Anaerobic Interval Training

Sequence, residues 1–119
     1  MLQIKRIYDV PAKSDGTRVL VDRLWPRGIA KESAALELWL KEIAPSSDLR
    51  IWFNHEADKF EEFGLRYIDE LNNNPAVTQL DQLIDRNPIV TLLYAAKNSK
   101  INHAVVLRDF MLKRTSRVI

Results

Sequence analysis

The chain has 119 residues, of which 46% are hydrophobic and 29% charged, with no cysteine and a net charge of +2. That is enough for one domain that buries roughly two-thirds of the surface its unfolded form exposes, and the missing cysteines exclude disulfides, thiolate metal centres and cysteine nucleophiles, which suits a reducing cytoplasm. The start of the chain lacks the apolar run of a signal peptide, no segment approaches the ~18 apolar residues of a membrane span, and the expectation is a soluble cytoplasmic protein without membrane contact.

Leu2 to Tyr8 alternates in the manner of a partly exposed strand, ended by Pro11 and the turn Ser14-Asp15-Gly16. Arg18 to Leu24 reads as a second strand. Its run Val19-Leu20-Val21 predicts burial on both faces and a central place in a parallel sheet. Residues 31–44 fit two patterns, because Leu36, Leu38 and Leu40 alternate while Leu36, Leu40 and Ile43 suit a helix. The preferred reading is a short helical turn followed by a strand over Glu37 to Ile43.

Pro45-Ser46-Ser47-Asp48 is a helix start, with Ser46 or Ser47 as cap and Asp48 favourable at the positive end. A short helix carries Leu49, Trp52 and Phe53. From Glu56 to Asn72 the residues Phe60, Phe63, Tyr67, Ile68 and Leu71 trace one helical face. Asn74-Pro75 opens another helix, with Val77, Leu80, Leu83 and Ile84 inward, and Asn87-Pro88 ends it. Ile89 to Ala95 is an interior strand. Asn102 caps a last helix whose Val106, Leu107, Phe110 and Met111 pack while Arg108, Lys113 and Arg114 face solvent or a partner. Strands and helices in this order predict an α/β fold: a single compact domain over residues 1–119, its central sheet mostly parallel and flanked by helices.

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Anaerobic Interval Training Except for the occasional intramural basketball game or a quick trip to the cafeteria before it closes the doors, most people have little to do with anaerobic activities. Most spend the majority of their day going up and down stairs, doing moderate tasks and enjoying a moderate aerobic workout. Despite this fact, since the people of this class are preparing to be coaches, athletic trainers, physical therapists or doctors, it is important to know and understand the benefits of anaerobic training. To understand why interval training is successful, an understanding must be found of how much energy is necessary to perform a certain amount of work. Whether this work is continuous or done intermittently is an important difference in how we use energy and how efficiently it is used. The key to these questions lies in the interaction between the ATP-PC system and the anaerobic glycolysis during intermittent exercise as compared to continuous exercise. During short-duration, intermittent exercise, the energy supplied by the anaerobic glycolysis is less than what it contributes during more continuous exercise. The ATP-PC system contributes more to energy production during intermittent exercise. Ultimately, there will be less lactic acid produced, greater lactic acid cleared, and less fatigue associated with the intermittent work. This remains to be true regardless of the intensity or duration of intermittent workouts. Even thought supplies of ATP-PC are exhausted after only a few seconds of all-out running, between each intermittent exercise there is a period of relief. During this recovery period ATP and PC supplies are replenished by the aerobic system and thus myoglobin stores are also restored and available as an energy source. Because of this anaerobic glycolysis is not used or called upon less to produce energy, which means that lactic acid will not accumulate as rapidly. If continuous exercise would occur, ATP-PC system would be depleted within seconds and anaerobic glycolysis would be used to produce ATP causing lactic acid to build up to higher levels. Studies have shown that interval training can be as much as 2.5 times as much intensity as of continuous levels before lactic acid levels are comparable. Now that it is shown that intermittent exercise is more effective for training the anaerobic system than continuous; it is possible to discuss the type, duration and intensity of the work interval and the relief interval.
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